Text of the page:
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N2 - We studied the A/G single nucleotide polymorphism (SNP) at position 49 in exon 1 of the cytotoxic T lymphocyte-associated molecule-4 gene in 148 Chinese Graves' disease (GD) patients and 171 controls. Our primary aim was to test for the association of this SNP with the relapse of the hyperthyroidism after antithyroid withdrawal. Our secondary aim was to investigate the relationship between GD patients and controls according to the SNP genotypes. All GD patients were divided into the following three groups according to the time of relapse after drug discontinuation: group 1, early relapse within 9 months; group 2, relapse between 10 and 36 months; and group 3, relapse 3 or more years after discontinuation of treatment. There was a significant difference of genotype frequencies (P < 0.001) and allele frequencies (P < 0.001) among the three groups of patients. The frequency of the G/G genotype decreased from 79% to 64% and 39% in groups 1,2, and 3, respectively. Compared with controls, a strong association (P < 0.001) of G allele was found for group 1, and moderate significance (P = 0.04) was found for group 2, but no association (P = 0.33) was found for group 3. At the end of treatment, the percentage of patients with persistent TSH-receptor antibody was statistically different (A/A, 9.0%; A/G, 20.8%; G/G, 45.5%; P = 0.004). Using 3 yr as the cutoff point for multivariate logistic regression analysis, we found that the G/G genotype (adjusted odds ratio, 3.1 compared with A/G plus A/A; 95% confidence interval, 1.3-7.1), larger goiter size at the end of treatment, and positive TSH-receptor antibody at the end of treatment were independent risk factors of recurrence. We conclude that the A/G polymorphism of the cytotoxic T lymphocyte-associated molecule-4 gene affects the progress of GD. The G/G genotype is associated with poor outcome.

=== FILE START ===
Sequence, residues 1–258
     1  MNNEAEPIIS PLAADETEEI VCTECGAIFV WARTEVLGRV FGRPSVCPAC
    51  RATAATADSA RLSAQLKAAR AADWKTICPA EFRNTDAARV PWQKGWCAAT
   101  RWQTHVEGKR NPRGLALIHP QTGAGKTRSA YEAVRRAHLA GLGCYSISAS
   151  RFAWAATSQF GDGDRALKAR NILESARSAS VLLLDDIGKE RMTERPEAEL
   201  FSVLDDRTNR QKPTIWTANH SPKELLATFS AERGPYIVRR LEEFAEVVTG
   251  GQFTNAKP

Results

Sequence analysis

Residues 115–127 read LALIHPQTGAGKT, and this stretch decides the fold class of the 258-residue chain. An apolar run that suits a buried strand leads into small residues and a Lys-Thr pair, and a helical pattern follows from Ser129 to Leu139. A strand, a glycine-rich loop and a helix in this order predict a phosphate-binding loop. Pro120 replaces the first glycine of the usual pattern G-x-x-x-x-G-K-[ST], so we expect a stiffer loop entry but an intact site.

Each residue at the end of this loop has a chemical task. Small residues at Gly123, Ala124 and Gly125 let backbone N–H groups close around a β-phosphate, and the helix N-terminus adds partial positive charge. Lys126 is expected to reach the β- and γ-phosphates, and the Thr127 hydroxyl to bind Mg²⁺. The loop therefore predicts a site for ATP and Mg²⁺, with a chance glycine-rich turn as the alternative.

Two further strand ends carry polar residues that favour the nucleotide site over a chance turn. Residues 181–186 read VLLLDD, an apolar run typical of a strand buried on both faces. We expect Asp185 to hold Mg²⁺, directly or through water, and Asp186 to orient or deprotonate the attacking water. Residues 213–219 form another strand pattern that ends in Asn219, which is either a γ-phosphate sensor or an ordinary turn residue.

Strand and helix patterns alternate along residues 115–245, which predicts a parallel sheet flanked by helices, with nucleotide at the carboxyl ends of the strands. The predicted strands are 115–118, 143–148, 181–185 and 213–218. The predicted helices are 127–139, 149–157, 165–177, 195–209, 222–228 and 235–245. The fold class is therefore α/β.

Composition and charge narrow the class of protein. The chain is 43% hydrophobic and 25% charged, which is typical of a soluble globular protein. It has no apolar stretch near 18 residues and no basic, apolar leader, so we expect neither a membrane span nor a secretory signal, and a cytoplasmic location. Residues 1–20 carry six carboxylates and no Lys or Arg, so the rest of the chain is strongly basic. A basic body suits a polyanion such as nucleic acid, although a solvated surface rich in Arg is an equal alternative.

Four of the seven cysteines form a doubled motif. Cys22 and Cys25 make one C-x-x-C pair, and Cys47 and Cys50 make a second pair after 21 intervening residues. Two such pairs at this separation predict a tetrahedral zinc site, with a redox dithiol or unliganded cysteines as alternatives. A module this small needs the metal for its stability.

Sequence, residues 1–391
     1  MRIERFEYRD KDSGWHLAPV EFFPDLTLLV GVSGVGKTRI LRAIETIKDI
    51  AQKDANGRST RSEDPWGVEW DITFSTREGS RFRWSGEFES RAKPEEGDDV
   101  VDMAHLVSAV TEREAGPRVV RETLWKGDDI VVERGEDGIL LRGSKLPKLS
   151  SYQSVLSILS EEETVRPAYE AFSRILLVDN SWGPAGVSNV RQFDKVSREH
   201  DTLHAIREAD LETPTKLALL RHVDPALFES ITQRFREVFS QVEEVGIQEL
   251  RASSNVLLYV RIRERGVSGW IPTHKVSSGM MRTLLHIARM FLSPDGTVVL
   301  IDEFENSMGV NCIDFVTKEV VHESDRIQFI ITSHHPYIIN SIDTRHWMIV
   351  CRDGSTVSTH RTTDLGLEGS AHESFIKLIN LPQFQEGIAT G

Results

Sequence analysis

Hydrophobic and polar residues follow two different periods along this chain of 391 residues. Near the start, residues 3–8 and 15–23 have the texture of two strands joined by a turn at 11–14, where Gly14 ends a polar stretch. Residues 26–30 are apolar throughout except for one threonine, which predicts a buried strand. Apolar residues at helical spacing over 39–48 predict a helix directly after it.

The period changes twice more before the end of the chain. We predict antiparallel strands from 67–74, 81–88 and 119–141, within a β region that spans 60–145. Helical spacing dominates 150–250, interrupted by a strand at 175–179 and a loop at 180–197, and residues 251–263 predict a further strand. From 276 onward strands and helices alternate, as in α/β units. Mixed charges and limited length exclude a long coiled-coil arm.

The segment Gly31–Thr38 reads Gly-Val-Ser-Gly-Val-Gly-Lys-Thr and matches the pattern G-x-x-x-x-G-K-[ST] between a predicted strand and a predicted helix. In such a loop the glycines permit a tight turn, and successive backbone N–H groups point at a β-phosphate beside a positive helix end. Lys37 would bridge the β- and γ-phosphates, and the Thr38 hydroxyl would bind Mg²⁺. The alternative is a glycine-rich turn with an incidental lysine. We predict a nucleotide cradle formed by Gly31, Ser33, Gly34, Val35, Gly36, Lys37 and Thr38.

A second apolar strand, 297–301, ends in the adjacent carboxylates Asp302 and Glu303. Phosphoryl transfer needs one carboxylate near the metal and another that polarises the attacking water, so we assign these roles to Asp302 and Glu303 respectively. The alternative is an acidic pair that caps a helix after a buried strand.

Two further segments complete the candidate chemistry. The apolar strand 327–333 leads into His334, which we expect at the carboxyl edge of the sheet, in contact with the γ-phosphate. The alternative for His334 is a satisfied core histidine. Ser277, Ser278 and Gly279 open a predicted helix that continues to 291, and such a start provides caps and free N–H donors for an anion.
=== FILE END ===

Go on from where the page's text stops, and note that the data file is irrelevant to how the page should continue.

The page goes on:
AB - We studied the A/G single nucleotide polymorphism (SNP) at position 49 in exon 1 of the cytotoxic T lymphocyte-associated molecule-4 gene in 148 Chinese Graves' disease (GD) patients and 171 controls. Our primary aim was to test for the association of this SNP with the relapse of the hyperthyroidism after antithyroid withdrawal. Our secondary aim was to investigate the relationship between GD patients and controls according to the SNP genotypes. All GD patients were divided into the following three groups according to the time of relapse after drug discontinuation: group 1, early relapse within 9 months; group 2, relapse between 10 and 36 months; and group 3, relapse 3 or more years after discontinuation of treatment. There was a significant difference of genotype frequencies (P < 0.001) and allele frequencies (P < 0.001) among the three groups of patients. The frequency of the G/G genotype decreased from 79% to 64% and 39% in groups 1,2, and 3, respectively. Compared with controls, a strong association (P < 0.001) of G allele was found for group 1, and moderate significance (P = 0.04) was found for group 2, but no association (P = 0.33) was found for group 3. At the end of treatment, the percentage of patients with persistent TSH-receptor antibody was statistically different (A/A, 9.0%; A/G, 20.8%; G/G, 45.5%; P = 0.004). Using 3 yr as the cutoff point for multivariate logistic regression analysis, we found that the G/G genotype (adjusted odds ratio, 3.1 compared with A/G plus A/A; 95% confidence interval, 1.3-7.1), larger goiter size at the end of treatment, and positive TSH-receptor antibody at the end of treatment were independent risk factors of recurrence. We conclude that the A/G polymorphism of the cytotoxic T lymphocyte-associated molecule-4 gene affects the progress of GD. The G/G genotype is associated with poor outcome.